Yes, in a way. People in underdeveloped places need access to financial products, which they can leverage in their business. It’s also important to say that those loans are business loans, not consumer credit, which more often than not can have a devastating effect on the lives of the borrower in long term (higher probability of debt spiral). There are other things to remember:

  • Unless specifically stated, you don’t provide funds to people you invest in, you refinance their loans (if market forces are effective, more loans like that will be given in the future, but this unique person doesn’t benefit)
  • Funds and investments are good for alleviating long-term development issues, but not immediate ones. If you are interested in helping in an area struck by natural disaster or sudden war, just donate to humanitarian aid. Give a man a fish vs teach him to fish is a great saying, but only if you can keep the person fed and alive until they learn.

Why is Kiva bad?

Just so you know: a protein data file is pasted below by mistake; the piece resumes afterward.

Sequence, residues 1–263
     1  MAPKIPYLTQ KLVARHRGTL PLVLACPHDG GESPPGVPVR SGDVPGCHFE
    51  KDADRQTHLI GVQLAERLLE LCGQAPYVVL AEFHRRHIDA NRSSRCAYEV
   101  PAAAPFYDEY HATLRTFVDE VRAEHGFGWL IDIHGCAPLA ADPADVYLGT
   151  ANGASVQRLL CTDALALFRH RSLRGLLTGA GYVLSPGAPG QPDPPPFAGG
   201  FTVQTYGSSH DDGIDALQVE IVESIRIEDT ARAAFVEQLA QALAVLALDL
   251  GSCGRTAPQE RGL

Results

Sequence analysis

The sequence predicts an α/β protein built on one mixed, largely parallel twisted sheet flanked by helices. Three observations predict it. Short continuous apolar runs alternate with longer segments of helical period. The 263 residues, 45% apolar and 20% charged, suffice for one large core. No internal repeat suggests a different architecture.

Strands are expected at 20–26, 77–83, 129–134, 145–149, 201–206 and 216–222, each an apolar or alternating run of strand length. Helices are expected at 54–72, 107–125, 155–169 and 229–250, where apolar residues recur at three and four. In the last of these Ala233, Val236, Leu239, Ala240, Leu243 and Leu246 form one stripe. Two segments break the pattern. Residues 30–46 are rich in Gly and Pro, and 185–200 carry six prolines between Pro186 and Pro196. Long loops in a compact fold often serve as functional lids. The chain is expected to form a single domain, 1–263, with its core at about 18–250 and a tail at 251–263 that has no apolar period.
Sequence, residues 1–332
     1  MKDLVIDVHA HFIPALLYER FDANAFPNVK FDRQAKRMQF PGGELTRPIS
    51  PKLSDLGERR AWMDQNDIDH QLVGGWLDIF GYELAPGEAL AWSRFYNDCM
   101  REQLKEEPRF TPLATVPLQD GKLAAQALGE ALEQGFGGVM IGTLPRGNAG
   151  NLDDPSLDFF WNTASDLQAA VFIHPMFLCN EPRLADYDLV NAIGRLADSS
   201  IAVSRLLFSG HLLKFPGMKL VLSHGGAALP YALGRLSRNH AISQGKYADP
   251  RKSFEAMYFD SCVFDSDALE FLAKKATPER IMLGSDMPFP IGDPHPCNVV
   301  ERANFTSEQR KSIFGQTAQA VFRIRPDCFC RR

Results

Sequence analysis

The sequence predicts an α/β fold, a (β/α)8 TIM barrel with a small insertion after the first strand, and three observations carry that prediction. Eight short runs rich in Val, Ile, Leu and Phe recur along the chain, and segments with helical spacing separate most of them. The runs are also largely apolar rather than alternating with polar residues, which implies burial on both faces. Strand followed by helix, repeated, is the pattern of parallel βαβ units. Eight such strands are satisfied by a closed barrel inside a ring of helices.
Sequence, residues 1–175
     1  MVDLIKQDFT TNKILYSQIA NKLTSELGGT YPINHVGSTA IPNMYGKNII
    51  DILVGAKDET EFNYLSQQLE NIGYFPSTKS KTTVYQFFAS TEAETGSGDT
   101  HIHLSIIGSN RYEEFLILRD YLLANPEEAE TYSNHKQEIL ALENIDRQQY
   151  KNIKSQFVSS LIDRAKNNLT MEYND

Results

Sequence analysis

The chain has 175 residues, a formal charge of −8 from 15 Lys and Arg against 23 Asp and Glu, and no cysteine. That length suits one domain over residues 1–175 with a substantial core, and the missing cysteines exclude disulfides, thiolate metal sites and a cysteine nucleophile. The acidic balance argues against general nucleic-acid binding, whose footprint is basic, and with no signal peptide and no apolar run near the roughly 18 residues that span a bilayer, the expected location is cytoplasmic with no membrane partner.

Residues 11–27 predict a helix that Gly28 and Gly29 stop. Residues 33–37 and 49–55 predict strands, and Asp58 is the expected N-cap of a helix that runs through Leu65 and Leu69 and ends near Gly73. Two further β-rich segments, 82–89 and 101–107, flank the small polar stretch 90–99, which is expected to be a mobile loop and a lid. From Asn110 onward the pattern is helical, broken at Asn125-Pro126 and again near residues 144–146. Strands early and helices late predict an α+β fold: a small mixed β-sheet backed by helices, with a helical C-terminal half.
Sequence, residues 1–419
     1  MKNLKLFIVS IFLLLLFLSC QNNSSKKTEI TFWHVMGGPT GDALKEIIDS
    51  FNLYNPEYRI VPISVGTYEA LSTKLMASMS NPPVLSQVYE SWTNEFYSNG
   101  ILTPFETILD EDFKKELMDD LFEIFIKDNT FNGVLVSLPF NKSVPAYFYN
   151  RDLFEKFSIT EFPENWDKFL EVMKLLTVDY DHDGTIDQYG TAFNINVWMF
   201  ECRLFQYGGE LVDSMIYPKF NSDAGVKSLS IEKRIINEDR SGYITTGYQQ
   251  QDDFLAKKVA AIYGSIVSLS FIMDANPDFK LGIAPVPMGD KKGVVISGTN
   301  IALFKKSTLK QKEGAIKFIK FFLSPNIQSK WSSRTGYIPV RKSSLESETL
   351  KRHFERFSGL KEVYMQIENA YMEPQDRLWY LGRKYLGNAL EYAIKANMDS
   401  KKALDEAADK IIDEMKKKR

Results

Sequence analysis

I don’t think it is but in the grand scheme of things, there are some weaknesses. First of all, MFIs that are supported via Kiva charge interest and more often than not interest higher than we in the developed world are used to (excluding impoverished communities). They are also not a provider of loans but a refinancing institution (am I repeating myself? Apologies…), which can create confusion and lack of transparency. It also, by means of market forces and access to capital, motivates loan providers to assume more risk (not a bad thing for Kiva investors) and cover losses in case of default to keep the repayments ratio on Kiva-listed loans high enough for inclusion in the future.